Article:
To support globalization of the project management profession, those planning international events should coordinate schedules with other project management associations. Calendars of events at least one year into the future should be published in PM Network, as well as in the publications of APM, AIPM, IPMA, and other associations. [Editor's Note: PM Network lists international conferences in the Upcoming Events calendar usually at least six months in advance. A full calendar for the year is available in the online PM Network at www.pmi.org.] In addition, the Global Forum Steering Committee might provide a future mechanism for coordinating conferences.

Benefits Become Objectives. International project management conferences advance the project management profession in many ways, including contributions to the body of project management literature and the state of the art. They also contribute to globalization of the profession by bringing together professional leaders and organizations, leading to more international cooperation and information-sharing. International conferences offer tremendous opportunities for individual professionals to learn and grow, both personally and professionallyi

These major benefits should be the objectives of those planning international conferences. To maximize objectives, however, the planning and scheduling of major events should be coordinated on a global basis.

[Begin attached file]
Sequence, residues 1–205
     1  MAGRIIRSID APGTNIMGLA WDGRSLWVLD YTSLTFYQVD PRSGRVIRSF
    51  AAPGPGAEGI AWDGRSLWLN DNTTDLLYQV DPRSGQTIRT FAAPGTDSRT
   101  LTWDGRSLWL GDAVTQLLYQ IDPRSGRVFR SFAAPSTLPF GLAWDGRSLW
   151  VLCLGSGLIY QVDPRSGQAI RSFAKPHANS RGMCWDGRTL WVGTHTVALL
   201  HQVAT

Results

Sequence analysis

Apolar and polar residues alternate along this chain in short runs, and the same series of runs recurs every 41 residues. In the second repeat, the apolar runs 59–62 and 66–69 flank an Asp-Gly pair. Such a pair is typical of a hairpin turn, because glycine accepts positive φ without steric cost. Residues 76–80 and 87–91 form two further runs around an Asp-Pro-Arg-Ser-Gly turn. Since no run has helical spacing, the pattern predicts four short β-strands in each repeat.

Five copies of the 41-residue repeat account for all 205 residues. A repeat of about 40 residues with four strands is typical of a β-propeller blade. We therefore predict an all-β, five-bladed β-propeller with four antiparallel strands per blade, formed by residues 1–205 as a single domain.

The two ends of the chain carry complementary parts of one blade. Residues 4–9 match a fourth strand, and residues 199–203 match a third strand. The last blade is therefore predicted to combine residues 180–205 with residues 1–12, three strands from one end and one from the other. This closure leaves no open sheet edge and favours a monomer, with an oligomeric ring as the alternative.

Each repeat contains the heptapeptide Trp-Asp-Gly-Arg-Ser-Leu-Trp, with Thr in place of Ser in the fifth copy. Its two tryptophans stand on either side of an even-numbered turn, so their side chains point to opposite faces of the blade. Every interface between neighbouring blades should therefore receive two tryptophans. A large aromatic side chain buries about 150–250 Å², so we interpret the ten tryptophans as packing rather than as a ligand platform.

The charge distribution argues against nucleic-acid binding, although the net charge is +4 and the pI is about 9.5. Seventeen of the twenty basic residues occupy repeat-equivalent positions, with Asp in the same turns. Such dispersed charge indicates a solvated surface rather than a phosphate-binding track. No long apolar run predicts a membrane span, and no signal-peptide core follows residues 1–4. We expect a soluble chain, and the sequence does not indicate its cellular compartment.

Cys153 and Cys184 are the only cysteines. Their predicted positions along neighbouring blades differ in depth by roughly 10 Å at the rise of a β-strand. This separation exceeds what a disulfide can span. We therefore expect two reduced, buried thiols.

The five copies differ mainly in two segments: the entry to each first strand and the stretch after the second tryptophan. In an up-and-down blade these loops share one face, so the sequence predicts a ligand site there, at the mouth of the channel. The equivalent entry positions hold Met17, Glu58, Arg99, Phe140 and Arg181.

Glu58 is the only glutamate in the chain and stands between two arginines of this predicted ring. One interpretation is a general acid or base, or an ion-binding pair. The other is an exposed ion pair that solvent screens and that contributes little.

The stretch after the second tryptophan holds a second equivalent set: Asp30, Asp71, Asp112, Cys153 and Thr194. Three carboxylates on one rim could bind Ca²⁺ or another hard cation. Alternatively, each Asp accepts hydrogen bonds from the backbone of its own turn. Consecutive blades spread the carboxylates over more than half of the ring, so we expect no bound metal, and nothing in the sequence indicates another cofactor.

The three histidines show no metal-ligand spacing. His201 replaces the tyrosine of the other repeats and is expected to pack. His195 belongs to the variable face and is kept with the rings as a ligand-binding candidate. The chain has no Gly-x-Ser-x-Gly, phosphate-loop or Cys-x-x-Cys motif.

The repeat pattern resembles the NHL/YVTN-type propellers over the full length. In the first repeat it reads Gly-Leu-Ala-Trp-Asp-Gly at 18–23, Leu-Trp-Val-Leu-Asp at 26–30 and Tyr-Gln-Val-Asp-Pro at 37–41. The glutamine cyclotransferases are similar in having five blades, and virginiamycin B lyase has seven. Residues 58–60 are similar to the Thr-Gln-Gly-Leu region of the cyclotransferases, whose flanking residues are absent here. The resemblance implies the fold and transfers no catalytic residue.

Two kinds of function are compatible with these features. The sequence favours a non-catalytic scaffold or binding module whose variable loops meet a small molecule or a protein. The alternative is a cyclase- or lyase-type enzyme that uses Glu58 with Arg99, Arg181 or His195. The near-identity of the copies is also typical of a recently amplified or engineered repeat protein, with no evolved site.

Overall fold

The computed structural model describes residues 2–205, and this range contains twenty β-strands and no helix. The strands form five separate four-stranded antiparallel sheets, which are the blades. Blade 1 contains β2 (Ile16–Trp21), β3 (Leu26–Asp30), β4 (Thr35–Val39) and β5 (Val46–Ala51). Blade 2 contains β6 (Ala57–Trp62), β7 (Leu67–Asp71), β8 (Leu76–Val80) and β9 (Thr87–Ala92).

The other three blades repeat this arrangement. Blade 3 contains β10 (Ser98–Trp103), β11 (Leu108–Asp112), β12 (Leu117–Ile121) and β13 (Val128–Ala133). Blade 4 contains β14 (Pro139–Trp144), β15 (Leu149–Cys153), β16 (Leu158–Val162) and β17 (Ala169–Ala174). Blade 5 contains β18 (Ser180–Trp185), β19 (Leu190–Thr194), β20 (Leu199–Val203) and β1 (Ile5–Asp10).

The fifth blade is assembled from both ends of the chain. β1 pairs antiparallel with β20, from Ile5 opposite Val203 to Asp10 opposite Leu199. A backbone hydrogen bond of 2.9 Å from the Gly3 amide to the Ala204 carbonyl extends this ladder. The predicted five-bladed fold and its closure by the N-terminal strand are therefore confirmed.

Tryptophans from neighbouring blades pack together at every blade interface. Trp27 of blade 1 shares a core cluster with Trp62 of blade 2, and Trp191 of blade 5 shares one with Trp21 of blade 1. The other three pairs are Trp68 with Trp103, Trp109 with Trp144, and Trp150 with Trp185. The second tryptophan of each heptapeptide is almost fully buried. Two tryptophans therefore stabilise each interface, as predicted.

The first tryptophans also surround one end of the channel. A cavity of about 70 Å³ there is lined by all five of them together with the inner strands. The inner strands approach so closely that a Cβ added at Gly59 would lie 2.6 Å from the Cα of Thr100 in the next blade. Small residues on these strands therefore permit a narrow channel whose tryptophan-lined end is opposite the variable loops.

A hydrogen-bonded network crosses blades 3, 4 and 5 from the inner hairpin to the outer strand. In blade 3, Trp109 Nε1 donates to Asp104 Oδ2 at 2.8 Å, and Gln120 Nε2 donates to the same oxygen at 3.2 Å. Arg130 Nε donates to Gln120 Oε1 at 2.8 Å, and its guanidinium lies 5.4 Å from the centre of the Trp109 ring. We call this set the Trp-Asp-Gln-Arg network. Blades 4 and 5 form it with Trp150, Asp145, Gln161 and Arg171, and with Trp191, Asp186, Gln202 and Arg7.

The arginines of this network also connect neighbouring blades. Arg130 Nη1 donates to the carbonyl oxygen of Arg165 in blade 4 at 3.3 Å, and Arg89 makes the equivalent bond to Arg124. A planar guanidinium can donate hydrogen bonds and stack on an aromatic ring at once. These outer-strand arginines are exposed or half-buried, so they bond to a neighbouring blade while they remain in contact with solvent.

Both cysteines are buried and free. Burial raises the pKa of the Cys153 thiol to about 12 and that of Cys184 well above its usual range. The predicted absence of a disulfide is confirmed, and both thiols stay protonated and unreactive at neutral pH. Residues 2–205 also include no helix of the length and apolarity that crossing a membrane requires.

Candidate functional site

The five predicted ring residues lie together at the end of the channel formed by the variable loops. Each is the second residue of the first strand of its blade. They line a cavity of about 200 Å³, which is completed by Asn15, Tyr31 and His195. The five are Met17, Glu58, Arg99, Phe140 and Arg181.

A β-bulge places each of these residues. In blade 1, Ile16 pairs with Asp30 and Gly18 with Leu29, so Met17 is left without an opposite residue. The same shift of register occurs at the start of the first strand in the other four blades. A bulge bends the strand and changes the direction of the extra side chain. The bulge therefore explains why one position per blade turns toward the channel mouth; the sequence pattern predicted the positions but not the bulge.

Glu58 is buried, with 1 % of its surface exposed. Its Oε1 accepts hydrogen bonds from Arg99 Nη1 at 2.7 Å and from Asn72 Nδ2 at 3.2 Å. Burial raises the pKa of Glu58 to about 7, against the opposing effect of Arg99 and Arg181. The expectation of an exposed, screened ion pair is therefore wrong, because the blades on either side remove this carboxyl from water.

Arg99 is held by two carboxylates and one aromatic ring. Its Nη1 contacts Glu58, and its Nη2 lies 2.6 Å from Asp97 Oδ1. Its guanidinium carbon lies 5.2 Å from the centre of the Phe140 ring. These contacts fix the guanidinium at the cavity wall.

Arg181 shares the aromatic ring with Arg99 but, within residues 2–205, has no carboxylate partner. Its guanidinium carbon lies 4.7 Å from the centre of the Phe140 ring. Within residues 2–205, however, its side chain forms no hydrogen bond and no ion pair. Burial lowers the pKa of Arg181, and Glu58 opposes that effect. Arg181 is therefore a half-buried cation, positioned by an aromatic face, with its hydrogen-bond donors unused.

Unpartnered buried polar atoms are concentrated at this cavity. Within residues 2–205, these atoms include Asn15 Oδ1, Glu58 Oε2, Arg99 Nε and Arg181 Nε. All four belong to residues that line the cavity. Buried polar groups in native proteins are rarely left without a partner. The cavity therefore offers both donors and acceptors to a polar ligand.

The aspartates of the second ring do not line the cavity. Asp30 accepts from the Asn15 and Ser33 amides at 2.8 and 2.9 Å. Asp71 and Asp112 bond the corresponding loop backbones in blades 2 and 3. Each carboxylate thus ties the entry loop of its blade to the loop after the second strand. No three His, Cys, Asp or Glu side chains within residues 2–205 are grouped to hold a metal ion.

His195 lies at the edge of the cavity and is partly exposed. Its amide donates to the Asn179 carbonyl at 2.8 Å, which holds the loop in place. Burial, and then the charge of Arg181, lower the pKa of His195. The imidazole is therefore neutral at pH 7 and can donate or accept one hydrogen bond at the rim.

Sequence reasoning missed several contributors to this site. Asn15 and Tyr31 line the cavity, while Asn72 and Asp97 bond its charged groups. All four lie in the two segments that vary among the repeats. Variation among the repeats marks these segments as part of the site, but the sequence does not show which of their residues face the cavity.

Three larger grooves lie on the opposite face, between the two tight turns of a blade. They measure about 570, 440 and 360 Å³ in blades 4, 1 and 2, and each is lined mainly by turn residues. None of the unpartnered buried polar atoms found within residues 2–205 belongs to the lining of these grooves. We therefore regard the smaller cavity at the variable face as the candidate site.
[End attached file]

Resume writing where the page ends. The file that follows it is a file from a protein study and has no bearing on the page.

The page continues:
MEANWHILE, I RECOMMEND that every PMI member, every project management professional, plan to attend at least one international project management conference outside your home country at least once in your career. It will be the adventure of a lifetime. Do it this year! ∎

David Pells, PMP, is managing partner of Mathie, Pells & Associates, a global project finance and executive advisory firm. He is the PMI Ex Officio VP-Public Relations, and was project manager of the Global Forums at PMI ‘95 and ‘96. He travels extensively on project-related business worldwide.

This material has been reproduced with the permission of the copyright owner. Unauthorized reproduction of this material is strictly prohibited. For permission to reproduce this material, please contact PMI.

PM Network • May 1997